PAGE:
Picking up on yesterday’s post, the OCF underscores the importance of readings from Scripture, and also who proclaims these texts:
23. In the celebration of the liturgy of the word at the funeral liturgy, the biblical readings may not be replaced by nonbiblical readings. But during prayer services with the family nonbiblical readings may be used in addition to readings from Scripture.
My reading of this is that non-biblical readings may not be used at either the Vigil or the Committal rites. However, for the Office of Readings we know readings from the saints and other spiritual sources are within bounds. Rarely have I heard of a request for readings from outside the Bible, though sometimes at the sharing portion of the Vigil or at a funeral eulogy, I’ve noted quotes from literary (and less literary) sources.
24. Liturgical tradition assigns the proclamation of the readings in the celebration of the liturgy of the word to readers and the deacon. The presiding minister proclaims the readings only when there are no assisting ministers present. Those designated to proclaim the word of God should prepare themselves to exercise this ministry. (Lectionary for Mass (1981), General Introduction, nos. 49, 52, and 55)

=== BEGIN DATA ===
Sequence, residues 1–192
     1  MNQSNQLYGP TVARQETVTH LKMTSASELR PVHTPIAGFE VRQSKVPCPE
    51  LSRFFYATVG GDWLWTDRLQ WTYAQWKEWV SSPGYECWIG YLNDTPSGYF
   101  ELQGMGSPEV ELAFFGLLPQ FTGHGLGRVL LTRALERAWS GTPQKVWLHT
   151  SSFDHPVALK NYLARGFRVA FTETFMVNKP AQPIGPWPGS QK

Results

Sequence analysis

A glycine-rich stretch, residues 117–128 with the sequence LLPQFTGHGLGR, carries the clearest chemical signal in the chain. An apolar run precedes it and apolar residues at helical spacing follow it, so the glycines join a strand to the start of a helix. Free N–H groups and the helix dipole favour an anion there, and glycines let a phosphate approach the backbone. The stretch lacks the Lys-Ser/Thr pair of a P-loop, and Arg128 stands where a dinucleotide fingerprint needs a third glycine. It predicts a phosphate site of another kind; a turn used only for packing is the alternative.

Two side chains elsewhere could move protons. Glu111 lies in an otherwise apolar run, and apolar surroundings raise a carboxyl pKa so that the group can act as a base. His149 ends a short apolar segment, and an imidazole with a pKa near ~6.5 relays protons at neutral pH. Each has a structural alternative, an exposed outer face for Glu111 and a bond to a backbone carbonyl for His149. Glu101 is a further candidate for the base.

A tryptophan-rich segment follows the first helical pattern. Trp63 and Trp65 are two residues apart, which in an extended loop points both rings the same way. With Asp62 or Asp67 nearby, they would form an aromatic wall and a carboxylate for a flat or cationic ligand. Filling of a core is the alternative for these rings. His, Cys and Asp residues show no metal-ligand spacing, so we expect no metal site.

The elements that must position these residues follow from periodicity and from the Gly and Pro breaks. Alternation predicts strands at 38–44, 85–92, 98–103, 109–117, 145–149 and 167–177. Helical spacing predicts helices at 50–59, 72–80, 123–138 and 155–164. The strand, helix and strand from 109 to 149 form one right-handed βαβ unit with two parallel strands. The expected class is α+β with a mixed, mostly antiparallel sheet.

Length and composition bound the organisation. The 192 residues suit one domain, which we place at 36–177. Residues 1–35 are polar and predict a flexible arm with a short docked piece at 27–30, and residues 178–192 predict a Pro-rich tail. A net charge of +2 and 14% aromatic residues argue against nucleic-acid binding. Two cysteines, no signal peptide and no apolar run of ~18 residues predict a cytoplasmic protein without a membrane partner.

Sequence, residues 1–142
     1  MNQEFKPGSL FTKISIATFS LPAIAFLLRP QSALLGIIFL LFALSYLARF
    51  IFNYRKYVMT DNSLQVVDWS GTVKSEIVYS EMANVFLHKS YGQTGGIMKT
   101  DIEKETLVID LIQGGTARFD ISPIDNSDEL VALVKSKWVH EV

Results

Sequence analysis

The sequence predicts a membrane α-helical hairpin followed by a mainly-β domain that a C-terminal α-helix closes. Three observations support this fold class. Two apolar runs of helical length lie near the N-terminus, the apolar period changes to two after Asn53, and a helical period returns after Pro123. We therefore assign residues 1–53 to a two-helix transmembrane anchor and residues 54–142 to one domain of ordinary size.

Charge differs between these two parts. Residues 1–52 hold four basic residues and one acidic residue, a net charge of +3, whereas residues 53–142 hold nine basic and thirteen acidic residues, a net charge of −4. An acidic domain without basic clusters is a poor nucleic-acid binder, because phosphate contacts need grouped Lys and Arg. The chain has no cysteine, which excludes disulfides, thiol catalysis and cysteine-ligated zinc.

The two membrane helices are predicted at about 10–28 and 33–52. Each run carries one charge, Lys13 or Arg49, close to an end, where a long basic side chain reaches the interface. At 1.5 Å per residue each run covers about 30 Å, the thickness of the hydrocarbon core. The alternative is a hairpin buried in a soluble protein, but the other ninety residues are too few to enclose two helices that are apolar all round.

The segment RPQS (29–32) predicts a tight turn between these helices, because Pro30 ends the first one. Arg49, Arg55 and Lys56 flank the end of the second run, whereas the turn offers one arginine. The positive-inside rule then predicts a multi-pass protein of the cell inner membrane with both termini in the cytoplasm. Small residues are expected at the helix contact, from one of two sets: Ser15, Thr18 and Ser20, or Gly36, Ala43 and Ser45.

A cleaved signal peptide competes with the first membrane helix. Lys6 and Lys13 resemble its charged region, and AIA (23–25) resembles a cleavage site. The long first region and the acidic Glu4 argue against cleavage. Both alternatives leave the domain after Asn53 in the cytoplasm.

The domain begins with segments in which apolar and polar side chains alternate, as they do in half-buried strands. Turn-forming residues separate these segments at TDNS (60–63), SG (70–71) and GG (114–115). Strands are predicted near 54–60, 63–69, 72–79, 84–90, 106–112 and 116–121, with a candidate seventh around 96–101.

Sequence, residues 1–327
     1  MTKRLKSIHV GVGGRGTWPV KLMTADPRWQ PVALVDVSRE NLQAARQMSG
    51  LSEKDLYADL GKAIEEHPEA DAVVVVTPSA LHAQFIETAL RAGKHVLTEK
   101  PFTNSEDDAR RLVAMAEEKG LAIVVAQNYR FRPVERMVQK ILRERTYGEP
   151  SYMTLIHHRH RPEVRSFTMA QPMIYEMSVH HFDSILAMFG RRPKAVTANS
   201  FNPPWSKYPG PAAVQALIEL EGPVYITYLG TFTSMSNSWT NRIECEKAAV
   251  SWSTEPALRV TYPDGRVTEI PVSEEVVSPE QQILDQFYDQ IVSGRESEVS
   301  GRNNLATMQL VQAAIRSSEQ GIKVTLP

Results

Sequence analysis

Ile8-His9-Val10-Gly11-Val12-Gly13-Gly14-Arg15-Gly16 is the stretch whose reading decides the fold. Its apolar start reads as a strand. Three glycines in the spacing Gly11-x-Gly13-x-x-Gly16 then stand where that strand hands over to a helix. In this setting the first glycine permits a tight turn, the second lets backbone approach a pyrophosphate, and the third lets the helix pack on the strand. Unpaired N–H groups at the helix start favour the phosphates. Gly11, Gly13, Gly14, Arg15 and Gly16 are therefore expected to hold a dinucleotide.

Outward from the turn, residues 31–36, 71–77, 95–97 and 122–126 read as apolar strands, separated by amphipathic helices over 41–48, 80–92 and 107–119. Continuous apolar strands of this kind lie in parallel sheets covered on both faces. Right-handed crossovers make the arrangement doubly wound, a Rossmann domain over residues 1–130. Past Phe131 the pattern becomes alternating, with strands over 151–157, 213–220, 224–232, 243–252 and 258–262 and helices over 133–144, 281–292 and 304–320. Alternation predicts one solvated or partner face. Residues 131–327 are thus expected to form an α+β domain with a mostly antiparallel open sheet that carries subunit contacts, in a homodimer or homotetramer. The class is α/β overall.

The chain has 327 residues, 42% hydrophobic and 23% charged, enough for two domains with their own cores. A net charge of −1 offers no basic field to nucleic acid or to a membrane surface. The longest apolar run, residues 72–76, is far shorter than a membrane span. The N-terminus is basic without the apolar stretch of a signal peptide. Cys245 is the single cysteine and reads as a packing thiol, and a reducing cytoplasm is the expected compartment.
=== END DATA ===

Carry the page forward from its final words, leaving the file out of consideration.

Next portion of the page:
How does your parish handle this ministry? In some places I’ve served, generally only trained lectors proclaim the Scripture at Mass. In others, the role is usually left to family members. My own personal leaning would be to the former option, but leaving open the possibility of the second given a willingness to prepare and practice.